I'm pretty sure this is the patent for the "Optical reflector sight".
2420252 Optical interference sight for guns, cameras, or the like, Edwin H Land (Wiki), Polaroid Corp, 1947-05-06, - "It is a principal object of the present invention to provide a sight in which the rigidity of the standard sight is dispensed with and in which slight movements of the eye of an observer with respect to the firearm or other device with which the sight is associated do not impair the operation of the sight itself."
Fig 5 has a lot of similarities to the 2.36 In Bazooka sight.
2420253 Optical interference sight for guns, cameras, or the like, including polarizers and a biaxial birefringent element, Edwin H Land, Polaroid Corp, 1947-05-06, -
SARCO M20B1 Parts Kit (SARCO: RL023)
This appears to be a de-milled M20 sold as a kit.Movies: Saving Private Ryan, Band of Brothers
The Wiki Bazooka web page for the M20
Rocket Launcher, M20 "Super Bazooka"
- Larger 3.5 in (88.9 mm) caliber warhead (Panzerschreck was 88 mm caliber)
- Could penetrate up to 11 inches (280 mm) of armor
- Extended range by about 150 m
- Originally a larger version of the M9A1, designated M20 in late 1944.
- Entered active service just before the start of the Korean War.
Rocket Launcher, M20A1 "Super Bazooka"
- Product improved variant with improved connector latch assembly, entering production in 1952
- Improved version of the M20
Rocket Launcher, M20B1 "Super Bazooka"
- Lightweight version with barrels made of cast aluminum, other components simplified
- Used as a supplement to the M20
Rocket Launcher, M20A1B1 "Super Bazooka"
- M20B1 upgraded with M20A1 improvements
See Fig 13 to Fig 17 below.
The 2.36" Bazooka used a couple of "C" batteries for the power source to ignite the rocket. W.W.II vintage Carbon-Zinc batteries were far worse than today's Alkaline batteries, that's to say the W.W. II batteries were not at all reliable, especially if stored in a hot environment. So the batteries were replaced with what amounts to a blasting machine starting with the M9 version starting around October 1943. The only mention of the magneto trigger is in relation to the M9 (Wiki).
The Magnavox patents 2376557, 2400262, 2426322 have application dates as early as January 1944. The key idea is that the armature reverses the polarity of the magnetic circuit. Most blasting machines just turn the magnetic circuit on and off. By reversing the polarity the output is doubled. This is very similar to an electrical "H-Bridge" (Wiki) which allows doubling the drive voltage to a load. These are typically used in battery powered applications.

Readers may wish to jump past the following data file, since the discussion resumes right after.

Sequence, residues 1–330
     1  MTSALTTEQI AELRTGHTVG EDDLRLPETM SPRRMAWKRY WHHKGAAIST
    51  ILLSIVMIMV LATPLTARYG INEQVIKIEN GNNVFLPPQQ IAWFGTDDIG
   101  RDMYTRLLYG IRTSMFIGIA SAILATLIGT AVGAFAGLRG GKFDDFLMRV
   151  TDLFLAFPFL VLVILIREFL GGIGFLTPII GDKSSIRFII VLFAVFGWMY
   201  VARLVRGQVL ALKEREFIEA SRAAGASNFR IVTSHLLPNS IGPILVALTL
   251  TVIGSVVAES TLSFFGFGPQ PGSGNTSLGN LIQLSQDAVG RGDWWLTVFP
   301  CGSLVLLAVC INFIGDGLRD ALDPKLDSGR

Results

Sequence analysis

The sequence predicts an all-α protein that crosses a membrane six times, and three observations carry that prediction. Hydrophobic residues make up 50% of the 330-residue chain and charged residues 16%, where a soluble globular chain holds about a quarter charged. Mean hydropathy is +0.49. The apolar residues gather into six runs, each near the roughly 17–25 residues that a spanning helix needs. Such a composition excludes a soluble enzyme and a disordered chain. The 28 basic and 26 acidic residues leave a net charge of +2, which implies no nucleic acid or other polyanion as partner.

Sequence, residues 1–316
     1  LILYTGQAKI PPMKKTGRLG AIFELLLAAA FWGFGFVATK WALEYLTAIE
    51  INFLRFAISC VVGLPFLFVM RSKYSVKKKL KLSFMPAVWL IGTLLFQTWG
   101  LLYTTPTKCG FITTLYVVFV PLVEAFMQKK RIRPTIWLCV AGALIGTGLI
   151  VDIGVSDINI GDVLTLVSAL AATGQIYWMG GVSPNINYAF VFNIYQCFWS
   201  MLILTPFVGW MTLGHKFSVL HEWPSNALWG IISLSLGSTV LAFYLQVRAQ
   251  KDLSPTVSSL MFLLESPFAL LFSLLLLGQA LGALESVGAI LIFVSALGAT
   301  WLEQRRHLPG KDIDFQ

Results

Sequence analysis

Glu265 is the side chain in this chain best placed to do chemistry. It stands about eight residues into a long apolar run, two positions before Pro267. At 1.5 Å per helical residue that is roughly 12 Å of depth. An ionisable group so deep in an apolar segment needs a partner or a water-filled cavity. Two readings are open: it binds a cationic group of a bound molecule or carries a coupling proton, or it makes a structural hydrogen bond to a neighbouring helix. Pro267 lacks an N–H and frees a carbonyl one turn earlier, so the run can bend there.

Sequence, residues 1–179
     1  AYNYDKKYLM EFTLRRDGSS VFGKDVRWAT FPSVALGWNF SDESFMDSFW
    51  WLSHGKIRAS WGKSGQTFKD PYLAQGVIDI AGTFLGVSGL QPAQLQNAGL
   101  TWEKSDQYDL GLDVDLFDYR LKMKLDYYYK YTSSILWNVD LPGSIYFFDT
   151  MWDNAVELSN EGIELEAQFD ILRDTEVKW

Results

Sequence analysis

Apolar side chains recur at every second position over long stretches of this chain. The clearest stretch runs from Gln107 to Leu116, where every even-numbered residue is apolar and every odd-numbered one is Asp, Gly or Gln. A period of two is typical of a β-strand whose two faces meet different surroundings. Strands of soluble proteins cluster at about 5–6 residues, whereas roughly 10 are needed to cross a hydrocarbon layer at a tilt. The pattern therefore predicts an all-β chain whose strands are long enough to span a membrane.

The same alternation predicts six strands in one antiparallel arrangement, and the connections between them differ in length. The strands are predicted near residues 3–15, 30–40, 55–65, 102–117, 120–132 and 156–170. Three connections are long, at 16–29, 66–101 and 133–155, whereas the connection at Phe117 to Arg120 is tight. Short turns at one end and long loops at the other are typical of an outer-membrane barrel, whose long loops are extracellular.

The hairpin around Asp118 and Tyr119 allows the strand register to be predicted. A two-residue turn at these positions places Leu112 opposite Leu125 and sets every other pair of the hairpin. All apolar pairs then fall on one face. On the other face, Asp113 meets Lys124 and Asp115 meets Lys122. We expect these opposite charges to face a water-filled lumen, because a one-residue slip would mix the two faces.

SARCO M20B1 Bazooka Photos
Fig 1 The four parts in random order.
Fig 2 Front two tubes
Fig 3 Rear two tubes
Fig 4 Both Front & Rear tubes - front view
Fig 5 Both Front & Rear tubes - left view
Fig 6 Both Front & Rear tubes - right view
Fig 7 Both Front & Rear tubes - rear view
Fig 8 Joint showing pinch lever
Fig 9 Joint faces
Fig 10 Shown in Latched together position
Fig 11 Shown in Latched together position
Fig 12 Shown in Latched relative positions
Fig 13 Trigger drives an Impulse generator.
patents: 2376557, 2400262, 2426322
Fig 14 Impulse generator
There are two permanent bar magnets, one at the top and another at the bottom. The armature is strongly held in the position shown. It takes a lot of force to break it free, and then the armature snaps counter clockwise and in doing so generates a high voltage impulse.
Fig 15 switched to FIRE, was at safe.
That and misalignment of trigger group causes stiff trigger pull.
Fig 17 Impulse Generator made by Struthers Dunn Inc. who holds many patents for devices that involve electromagnets. But no patents for this since Magnavox holds those.
YouTube: Forgotten Weapons: M20A1B1 Super Bazooka - It's a Super Bazooka. Need I Say More?, 15:39.
M20 ManualsTM 9-1055-201-12
Operator and Organizational Maintenance Manual,
including Repair Parts and Special Tool Lists,
Launcher, Rocket 3.5-Inch M20A1 W/E (NSN: 1055-840-1841)
Launcher Rocket, 3.5-Inch M20A1 B1 W/E (NSN: 1055-840-1842)
Oct 1968, 86 pgs
General Support and Depot Maintenance Manual Including Repair Parts and Special Tools List,
Launcher, Rocket 3.5-Inch M20A1 W/E (NSN: 1055-840-1841)
Launcher Rocket, 3.5-Inch M20A1 B1 W/E (NSN: 1055-840-1842)
December 1968, 49 pgs
3.5-Inch Rocket Launcher "Super Bazooka"
M20 SightSARCO Item Number MCAN025.
While there are some similarities with the 2.36" sight for the M-9A1 Bazooka there are also a number of differences.
It turns out this is a New In Box (NIB) item and the packaging was full mil spec.